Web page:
In making a lending decision, unlike institutional lenders, venture lenders focus beyond the start-up in question and will also consider the private equity, angel investor and/or venture capital firms (collectively referred to as “venture capital firms”) involved with the start-up. This is for several important reasons:

  • Traditional metrics for assessing debt repayability do not work on start-ups. Venture lenders must decide based on their assessment of the long-term sustainability of the start-up, as well as the possibility of follow-on fundraising. However, venture lenders may not (unlike venture capital firms) have specialist knowledge or the technical skill to assess the underlying products or services. In addition, unlike the comprehensive due diligence carried out by venture capital firms, there is little or no due diligence carried out in venture lending. As such, the involvement of a good venture capital firm serves as a powerful indicator of start-up quality, to the extent that venture lenders generally do not extend venture debt to start-ups until venture capital firms are involved.
  • From a logistical perspective, the assumption of debt, the undertaking of security and the grant of share warrants are often board reserved matters and/or shareholder reserved matters. Without the consent of venture capital firms and their nominated directors, venture lending cannot proceed.
  • Venture lenders face a great deal of information asymmetry. While venture lenders usually have monitoring mechanisms and covenants built into their facility documentation, they do not have the benefit of a board seat, veto rights or other forms of operational control over the company. As such, having a good venture capital firm involved and actively monitoring the financial health of such start-ups is complementary to the venture lender’s ongoing monitoring of their borrowers.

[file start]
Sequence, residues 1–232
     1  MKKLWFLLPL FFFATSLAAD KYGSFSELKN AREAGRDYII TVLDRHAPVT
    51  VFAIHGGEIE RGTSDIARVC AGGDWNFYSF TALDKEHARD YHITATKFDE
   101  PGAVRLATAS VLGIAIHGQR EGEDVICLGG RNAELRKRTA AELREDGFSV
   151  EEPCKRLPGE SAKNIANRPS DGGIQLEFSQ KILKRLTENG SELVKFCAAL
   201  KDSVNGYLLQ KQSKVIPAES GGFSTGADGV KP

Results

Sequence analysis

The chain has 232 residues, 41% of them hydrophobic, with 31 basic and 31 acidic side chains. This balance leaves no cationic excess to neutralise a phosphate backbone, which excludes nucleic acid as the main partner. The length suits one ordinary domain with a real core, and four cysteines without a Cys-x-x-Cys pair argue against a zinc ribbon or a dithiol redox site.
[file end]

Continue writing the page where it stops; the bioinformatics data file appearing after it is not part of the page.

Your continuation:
• There is often an implicit understanding that some portion of the future rounds of fundraising may be used to repay venture debt, which would otherwise be impossible without the close cooperation of venture lenders with venture capital firms.

In addition, the manner in which negotiations are run by institutional lenders and venture lenders are different. Institutional lenders assume that borrowers are sophisticated, capable of understanding complex documentation, and have the resources to engage qualified advisors. When default occurs, institutional lenders have recourse through their transaction security and recoverability is high. However, start-ups do not have the same resources and collateral as their established counterparts and are often under-represented or even unrepresented. As such, the consequences of the borrower’s negligence, breaches and defaults are much heavier to a venture lender. Consequently, some venture lenders choose to take a greater degree of control in the lending process, such as requesting for voluntary disclosures from the borrower (which will be elaborated further below), assessing if the required consents under the borrower’s constitution and shareholders’ agreement have been properly obtained, and providing template resolutions, registers and other documents which the borrower must use.

Finally, while institutional lenders may rely on a variety of financial covenants to monitor borrower’s risk profile, the risky nature of start-ups means that venture lenders place heavy emphasis on monitoring the cash runway and bank account balances of their start-up borrowers.

Venture lending in Southeast Asia from a Singapore perspective

Having explained what venture lending is and how it differs from institutional lending, how does venture lending in Southeast Asia compare to other regions such as the United States or Europe?

We set out below some observations we have noted in our deals in the past few years.